I remember while in jail I used to hear the NA meetings called out. So one day, just to get off the unit, I went. Today I know going to that meeting was my cry for help and not just to get off the unit. That’s when I heard it – I heard my story. There was a brother up there sharing, some of the same things I had done. More importantly, he talked about some of the same feeling I had felt. Then he started talking about where he was in life today, and somehow I knew he was telling the truth. I wanted to believe him anyway, because it gave me some hope. I could see peace and serenity all over this brother. After that meeting, I asked him how did he stop using drugs and how can I stop? He gave me the 8 suggestions and his phone number and said call me as soon as you get out. But you see, I’m a hard-headed addict. Yes, I had a desire to stop using drugs, but on my own terms. I was the addict who was going to stay clean, keep my same old friends and hang out in the same old hood. I was going to prove the evidence was wrong. Needless to say, I was using again in less than a week.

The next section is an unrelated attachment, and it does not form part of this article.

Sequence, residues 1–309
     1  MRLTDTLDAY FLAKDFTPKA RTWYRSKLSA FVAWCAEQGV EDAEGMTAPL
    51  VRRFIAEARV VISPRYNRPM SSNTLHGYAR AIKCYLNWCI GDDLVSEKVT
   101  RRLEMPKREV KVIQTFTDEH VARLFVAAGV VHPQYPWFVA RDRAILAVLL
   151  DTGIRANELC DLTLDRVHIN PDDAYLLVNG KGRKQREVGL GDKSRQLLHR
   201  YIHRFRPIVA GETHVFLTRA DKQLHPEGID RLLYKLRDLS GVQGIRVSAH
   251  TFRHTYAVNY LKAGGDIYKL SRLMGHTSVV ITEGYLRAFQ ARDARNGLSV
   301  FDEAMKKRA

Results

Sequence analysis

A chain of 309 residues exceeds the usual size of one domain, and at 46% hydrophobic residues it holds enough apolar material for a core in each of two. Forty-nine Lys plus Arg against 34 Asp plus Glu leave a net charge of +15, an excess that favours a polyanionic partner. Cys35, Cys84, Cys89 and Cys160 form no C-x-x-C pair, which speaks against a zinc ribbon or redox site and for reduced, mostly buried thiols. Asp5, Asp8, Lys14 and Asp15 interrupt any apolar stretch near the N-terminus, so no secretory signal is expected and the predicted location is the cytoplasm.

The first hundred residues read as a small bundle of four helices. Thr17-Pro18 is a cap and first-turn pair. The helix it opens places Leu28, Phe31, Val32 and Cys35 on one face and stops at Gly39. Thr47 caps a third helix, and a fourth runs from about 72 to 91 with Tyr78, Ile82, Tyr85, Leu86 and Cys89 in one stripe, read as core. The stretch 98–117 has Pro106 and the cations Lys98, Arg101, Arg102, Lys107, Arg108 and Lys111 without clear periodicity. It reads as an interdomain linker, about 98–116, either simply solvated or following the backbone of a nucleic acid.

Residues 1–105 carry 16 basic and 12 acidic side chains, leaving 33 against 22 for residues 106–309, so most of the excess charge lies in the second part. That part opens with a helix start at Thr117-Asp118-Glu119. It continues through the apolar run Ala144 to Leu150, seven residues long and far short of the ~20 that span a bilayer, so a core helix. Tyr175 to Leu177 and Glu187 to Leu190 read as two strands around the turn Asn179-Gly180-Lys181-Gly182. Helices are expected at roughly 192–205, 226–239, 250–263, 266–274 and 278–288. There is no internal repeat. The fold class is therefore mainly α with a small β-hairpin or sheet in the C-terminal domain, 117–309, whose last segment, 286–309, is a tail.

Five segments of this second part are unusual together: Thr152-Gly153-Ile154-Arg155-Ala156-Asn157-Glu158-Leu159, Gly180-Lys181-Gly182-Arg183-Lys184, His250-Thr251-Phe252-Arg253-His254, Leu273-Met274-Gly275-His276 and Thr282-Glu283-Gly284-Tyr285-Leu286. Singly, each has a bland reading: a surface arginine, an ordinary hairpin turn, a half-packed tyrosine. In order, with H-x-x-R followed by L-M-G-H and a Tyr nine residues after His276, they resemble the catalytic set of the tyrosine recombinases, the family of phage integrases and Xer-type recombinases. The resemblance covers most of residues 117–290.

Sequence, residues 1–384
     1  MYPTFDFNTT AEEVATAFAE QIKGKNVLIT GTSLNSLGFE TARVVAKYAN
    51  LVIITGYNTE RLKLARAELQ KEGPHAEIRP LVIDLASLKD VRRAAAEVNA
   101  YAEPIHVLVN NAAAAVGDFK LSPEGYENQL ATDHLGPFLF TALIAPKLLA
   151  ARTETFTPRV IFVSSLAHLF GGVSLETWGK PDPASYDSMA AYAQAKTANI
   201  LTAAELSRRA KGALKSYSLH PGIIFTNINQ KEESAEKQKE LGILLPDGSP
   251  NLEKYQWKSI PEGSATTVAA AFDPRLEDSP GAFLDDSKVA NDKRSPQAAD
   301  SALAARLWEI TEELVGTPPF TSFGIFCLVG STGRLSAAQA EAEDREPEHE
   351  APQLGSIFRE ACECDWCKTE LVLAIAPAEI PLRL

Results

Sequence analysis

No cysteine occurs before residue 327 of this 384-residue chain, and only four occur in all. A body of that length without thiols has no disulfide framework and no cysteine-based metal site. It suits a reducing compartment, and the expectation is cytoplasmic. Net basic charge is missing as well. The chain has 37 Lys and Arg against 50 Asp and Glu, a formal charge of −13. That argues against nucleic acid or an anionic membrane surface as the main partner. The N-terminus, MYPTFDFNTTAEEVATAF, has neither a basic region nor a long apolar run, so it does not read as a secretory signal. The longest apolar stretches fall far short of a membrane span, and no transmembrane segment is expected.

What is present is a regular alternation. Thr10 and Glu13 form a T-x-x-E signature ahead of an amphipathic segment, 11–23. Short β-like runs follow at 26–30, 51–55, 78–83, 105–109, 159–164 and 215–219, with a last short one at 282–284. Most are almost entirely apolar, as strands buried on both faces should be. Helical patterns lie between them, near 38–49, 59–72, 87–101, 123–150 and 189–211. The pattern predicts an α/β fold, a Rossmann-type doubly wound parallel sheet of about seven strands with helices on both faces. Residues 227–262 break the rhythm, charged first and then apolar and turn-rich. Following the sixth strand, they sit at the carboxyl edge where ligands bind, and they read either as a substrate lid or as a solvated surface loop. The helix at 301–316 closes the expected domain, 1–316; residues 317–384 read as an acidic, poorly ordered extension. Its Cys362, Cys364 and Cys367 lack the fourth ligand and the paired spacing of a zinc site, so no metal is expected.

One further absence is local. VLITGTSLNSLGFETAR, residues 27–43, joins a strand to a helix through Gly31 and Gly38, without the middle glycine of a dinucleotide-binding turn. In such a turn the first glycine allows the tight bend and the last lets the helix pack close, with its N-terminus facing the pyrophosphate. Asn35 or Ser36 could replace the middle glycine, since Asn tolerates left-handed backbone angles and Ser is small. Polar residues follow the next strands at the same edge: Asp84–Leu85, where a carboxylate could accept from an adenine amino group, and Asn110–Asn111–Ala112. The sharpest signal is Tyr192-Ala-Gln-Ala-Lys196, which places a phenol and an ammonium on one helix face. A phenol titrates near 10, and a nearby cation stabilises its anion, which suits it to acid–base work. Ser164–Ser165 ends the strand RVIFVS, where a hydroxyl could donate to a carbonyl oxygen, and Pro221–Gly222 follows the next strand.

My cycle of using drugs, going to jail and feeble attempts to stop using continued. Over the course of that time, I was slowly picking up information about Narcotics Anonymous. A seed of hope was firmly planted. I made the decision when I came home this time, I’m going to try this a different way. Today I know that was my point of surrender. Everything I had tried, failed. And I definitely didn’t want anymore pain and jail, so I decided to try some suggestions.
On November 27, 1996 I was released from jail. The whole time while doing that last bid, I was also developing a game plan for when I got released. The plan was simple – relocation, education, Narcotics Anonymous. You see, relocation was VITAL for this addict. I tried many times to recovery where I used and I failed every time. For the addict who is recovering where you used, I applaud you! I didn’t want to take that chance. Besides, my thinking was – "do the opposite of everything I did before." Relocating has worked for this addict.
I also was never trained. I had no skills in any area except using drugs, so going back to school was also necessary. To make a long story short…my test scores and psychological profile said Nursing was the field I should pursue, so I did, and I’m proud to say I completed school and I’m a Licensed Practical Nurse, working in the field today. God is good! All the time!